The new Civil Code of Hungary entered into force on 15th March 2014, replacing the former Civil Code and the Companies’ Act, and among other rules, introduced a new system of liability that affects general managers in Hungary in several ways.
Contrary to the unified liability system of the previous Civil Code – the new Civil Code established a dual system that differentiates between contractual and non-contractual liability.
The liability of GMs could arise in two directions: towards the company and towards third persons.
The newly introduced stricter rules of contractual liability shall apply to any damage caused by GMs towards the company and such rules create an almost entirely objective measure where liability could only be excluded by fulfilling three conjunctive conditions:
According to clause 6:142 of the new Civil Code the breaching party shall prove that (i) the breach of contract was caused by circumstances unforeseeable at the time of entering the contract and (ii) that it was beyond his sphere of control, and (iii) that it could not have reasonably been expected of the breaching party to avoid the circumstances or prevent the damage occurring.
According to the new Civil Code the above rules of liability towards the company shall only apply when the relationship of the general manager and the company is based on an assignment contract and not on an employment relationship. In the event the GM is an employee of the company his liability will be regulated by the Labor Code that applies the rules of non-contractual damages for the liability of employees towards their employers.
The liability of GMs towards third parties is regulated by the rules of non-contractual damages that have not been changed much in the new Civil Code: non-contractual liability of is still based on culpability that means “a person who causes damage to another person in violation of the law shall be liable for such damage unless s/he proves that s/he has acted in a manner that can generally be expected in a certain situation”.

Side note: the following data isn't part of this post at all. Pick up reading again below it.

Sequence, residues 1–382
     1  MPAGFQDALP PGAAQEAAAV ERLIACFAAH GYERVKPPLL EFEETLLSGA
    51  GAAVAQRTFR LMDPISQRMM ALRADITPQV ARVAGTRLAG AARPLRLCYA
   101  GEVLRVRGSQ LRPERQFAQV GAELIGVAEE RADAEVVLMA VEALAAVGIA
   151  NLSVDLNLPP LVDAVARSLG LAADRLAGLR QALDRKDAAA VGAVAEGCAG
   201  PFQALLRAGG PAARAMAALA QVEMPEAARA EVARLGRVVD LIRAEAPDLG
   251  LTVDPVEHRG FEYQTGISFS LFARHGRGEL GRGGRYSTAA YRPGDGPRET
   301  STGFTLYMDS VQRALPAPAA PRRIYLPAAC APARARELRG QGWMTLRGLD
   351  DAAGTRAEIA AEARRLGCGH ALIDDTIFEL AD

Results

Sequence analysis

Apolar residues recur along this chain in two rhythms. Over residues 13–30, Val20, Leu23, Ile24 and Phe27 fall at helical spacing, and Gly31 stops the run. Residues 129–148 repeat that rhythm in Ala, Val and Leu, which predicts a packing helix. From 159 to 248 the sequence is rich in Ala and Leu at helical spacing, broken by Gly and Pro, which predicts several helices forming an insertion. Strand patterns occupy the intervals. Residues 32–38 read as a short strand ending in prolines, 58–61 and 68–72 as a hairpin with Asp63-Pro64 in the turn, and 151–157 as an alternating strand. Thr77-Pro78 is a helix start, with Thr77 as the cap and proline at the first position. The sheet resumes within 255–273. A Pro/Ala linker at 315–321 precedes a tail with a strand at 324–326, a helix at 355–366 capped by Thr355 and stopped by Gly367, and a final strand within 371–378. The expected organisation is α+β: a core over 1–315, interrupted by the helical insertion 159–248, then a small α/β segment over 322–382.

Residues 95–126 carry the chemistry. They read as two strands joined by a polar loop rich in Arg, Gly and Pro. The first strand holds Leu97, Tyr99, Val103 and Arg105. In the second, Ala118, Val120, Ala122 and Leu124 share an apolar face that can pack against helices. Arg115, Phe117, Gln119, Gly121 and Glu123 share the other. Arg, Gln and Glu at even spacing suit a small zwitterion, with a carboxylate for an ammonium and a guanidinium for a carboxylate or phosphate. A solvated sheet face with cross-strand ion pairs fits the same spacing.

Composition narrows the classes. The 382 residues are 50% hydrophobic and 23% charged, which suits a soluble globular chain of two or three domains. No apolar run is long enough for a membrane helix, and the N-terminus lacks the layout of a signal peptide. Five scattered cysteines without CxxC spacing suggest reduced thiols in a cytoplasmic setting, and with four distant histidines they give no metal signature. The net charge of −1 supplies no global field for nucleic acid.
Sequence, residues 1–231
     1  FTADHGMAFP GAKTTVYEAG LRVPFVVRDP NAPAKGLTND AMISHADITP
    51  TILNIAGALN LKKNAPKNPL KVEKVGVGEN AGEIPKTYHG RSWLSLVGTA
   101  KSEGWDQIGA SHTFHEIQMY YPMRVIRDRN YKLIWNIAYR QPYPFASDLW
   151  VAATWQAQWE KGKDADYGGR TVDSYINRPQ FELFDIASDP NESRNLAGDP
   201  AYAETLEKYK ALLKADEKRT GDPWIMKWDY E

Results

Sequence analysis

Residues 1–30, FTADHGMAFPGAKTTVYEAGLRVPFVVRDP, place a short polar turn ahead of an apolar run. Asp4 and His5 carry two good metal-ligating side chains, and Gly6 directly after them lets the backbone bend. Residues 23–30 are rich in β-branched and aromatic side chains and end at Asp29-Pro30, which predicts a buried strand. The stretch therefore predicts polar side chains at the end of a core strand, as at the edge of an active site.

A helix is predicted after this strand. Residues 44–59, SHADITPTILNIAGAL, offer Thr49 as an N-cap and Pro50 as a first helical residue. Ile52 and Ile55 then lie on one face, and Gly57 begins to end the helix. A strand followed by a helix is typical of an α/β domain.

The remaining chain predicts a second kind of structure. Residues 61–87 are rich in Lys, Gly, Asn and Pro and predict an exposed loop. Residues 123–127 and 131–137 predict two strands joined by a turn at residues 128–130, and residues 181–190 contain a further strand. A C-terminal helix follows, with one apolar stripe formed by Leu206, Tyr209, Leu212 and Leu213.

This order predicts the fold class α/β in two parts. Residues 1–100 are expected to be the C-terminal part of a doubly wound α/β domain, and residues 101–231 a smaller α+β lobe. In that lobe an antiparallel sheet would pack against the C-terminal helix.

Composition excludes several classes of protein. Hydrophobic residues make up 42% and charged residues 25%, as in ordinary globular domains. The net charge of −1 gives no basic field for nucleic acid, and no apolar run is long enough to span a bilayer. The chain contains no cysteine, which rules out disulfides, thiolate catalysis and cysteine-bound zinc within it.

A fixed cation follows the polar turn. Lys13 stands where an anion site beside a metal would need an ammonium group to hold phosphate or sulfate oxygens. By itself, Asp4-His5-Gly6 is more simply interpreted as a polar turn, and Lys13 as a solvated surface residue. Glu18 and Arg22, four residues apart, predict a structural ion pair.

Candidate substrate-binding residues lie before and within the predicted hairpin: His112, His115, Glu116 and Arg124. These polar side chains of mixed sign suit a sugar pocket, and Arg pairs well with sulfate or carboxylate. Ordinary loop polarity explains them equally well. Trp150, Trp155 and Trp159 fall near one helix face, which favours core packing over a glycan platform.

One of the most controversial innovations of the new Civil Code can be found here under the rules of liability of GMs toward third parties.
Pursuant to the former Companies’ Act only the company was held liable for any damage of third parties caused by the general managers in connection with their office. The new Civil Code changed this principle and established the joint and several liability of GMs with the company:
According to clause 6:541 of the new Civil Code: “The executive officer may be held liable jointly and severally with the company, if the executive officer causes any damage in connection with his/her office.”
This new provision caused great anxiety in the business community, as it seems to establish the opportunity for any third parties to bring an action directly against general managers in connection with any kind of damage caused by the company.
Since the entry into force of the new Civil Code both practitioners and academics have argued whether this recently introduced form of liability shall be interpreted strictly or whether there is a possibility of a broader understanding, and specifically which conduct shall be covered by the joint and several liability of executive officers.
This question after all could only be resolved by the practice of courts. Until then, in the absence of satisfactory jurisdiction or a common interpretation, general managers of Hungarian companies are advised to pay extra attention to compliance.